The first couple of weeks back at work after the holidays can be tough. You have to get back into your routine and are usually dealing with pretty cold weather.

But going back to work in the new year wasn’t so bad for Canada’s top CEOs.

By 11 AM on January 2, the highest paid CEOs had made what a Canadian will take home on average per year – $49,738. Not bad for a couple of hours of work.

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The report from The Canadian Centre for Policy Alternatives showed that CEO salaries are on the rise and are widening the gap between the rich and the poor. This gap has reached new highs with the top earning CEOs earning an average annual compensation of $10.4 million.

This income gap in Canada has become a major concern, especially for women, visible minorities, Indigenous Canadians and recent immigrants.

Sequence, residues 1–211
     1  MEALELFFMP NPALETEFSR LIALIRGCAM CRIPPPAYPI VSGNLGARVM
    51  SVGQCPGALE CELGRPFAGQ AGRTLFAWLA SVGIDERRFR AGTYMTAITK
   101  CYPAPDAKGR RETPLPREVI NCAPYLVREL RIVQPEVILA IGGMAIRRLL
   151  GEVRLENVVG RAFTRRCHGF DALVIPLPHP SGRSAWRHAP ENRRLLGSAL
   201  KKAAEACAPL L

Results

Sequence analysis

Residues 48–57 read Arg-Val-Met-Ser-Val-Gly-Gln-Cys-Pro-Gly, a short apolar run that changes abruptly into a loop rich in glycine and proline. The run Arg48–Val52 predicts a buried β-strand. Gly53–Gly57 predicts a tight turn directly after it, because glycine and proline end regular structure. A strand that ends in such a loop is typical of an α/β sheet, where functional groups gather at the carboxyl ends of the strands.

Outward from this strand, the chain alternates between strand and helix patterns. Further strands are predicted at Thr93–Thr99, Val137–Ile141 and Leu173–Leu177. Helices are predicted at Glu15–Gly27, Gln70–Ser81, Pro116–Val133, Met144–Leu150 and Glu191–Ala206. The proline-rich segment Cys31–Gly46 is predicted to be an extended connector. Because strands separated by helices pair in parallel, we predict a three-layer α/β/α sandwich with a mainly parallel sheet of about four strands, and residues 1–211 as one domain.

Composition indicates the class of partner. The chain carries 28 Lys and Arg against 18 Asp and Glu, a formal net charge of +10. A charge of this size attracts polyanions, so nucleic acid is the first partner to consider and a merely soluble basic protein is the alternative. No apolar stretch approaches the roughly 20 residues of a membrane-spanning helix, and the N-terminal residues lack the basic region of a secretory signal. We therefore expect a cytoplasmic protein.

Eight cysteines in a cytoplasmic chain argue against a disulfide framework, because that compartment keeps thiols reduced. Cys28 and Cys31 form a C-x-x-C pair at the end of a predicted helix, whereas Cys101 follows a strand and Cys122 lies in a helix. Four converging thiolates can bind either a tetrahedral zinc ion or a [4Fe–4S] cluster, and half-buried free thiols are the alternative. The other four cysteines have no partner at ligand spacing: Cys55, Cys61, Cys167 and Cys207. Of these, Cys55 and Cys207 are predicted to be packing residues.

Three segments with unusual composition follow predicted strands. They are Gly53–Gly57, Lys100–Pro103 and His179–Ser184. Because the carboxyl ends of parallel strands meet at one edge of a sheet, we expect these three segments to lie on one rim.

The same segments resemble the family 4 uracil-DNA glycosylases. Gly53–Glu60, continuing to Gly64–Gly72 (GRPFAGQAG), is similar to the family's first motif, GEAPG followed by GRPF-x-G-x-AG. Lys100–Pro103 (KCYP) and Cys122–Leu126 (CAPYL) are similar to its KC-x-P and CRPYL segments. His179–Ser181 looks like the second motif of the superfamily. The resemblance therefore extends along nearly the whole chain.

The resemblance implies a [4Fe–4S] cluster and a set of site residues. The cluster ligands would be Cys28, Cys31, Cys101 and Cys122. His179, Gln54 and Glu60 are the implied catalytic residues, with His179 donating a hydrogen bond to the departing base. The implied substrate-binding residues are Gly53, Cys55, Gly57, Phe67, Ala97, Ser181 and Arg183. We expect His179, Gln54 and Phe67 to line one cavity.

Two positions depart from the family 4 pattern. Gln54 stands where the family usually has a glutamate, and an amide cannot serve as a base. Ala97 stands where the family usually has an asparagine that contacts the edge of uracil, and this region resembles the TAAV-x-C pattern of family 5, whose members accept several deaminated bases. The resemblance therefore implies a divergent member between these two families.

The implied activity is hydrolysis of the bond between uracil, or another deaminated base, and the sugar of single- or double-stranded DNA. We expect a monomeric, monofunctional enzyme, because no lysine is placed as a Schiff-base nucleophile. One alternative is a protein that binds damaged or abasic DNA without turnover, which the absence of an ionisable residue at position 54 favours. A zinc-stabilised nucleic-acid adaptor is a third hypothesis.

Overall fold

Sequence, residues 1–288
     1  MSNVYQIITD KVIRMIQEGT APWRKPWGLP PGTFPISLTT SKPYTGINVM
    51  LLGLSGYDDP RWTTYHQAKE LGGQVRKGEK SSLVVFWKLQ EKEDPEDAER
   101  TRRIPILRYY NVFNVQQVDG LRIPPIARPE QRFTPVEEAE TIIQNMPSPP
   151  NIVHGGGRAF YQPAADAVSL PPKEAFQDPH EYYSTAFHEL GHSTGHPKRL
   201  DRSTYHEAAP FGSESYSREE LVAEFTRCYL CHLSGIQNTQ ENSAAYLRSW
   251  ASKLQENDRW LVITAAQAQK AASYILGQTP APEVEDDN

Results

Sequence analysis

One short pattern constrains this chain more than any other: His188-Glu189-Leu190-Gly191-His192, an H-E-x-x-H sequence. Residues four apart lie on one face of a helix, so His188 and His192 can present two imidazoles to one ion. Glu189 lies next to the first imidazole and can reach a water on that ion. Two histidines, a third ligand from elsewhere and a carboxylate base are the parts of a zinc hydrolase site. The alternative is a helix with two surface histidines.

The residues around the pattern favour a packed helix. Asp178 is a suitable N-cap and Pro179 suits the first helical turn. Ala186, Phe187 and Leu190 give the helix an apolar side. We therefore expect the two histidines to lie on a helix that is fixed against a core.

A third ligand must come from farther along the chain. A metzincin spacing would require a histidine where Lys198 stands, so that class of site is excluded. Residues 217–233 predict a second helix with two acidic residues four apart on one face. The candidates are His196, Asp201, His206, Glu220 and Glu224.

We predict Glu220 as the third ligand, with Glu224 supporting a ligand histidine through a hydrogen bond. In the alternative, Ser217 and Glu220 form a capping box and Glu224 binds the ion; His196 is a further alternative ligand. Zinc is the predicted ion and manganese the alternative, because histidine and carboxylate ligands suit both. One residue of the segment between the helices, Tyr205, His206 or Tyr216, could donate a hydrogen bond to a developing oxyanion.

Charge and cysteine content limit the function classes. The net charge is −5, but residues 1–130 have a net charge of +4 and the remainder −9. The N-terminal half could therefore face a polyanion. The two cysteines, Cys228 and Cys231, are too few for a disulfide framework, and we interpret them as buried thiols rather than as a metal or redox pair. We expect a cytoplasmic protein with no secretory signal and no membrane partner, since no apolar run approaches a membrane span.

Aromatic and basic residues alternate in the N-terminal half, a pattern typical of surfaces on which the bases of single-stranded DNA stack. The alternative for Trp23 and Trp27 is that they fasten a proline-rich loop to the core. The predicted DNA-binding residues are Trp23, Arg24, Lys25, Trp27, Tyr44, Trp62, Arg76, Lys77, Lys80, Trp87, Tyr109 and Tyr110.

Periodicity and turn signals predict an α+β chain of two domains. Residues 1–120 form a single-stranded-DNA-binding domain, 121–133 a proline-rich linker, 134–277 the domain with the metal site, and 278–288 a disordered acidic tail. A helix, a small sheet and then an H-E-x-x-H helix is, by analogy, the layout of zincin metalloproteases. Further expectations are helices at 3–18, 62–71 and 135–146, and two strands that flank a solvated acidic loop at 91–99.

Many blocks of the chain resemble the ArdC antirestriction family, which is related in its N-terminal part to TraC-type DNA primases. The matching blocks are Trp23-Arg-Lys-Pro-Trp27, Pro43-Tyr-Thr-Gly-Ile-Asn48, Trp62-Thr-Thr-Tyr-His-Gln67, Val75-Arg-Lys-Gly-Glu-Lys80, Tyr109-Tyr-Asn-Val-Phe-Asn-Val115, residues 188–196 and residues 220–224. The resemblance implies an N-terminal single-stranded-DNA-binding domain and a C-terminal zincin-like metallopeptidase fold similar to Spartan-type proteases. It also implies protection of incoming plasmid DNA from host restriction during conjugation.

A recent study by statistics Canada has found that the income gap between visible minorities, Indigenous or recent immigrants and the rest of Canada remains large, with the gap only narrowing by 2 per cent for Indigenous and recent immigrants and widening by 1 per cent for visible minorities between 2006 to 2016.

In Canada women earned $0.87 for every $1 earned by a man last year. This gender gap can be found in this study as well with only three out of the 100 top-earning CEOs who were women – Linamar’s Linda Hasenfratz: $14.6 million, Transalta’s Dawn L. Farrell: $7.4 million and Atco and Canadian Utilities Limited’s Nancy Southern: $5.4 million total compensation.

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Unions are one of the strongest forces against inequality in the workplace and society. It is well known that as unionization has declined, inequality has increased. Not only do union members earn more than non-union members, but they help set the bar for salaries in industries across Canada.

As we enter into 2018 unions will continue to fight to make the income gap smaller in Canada.

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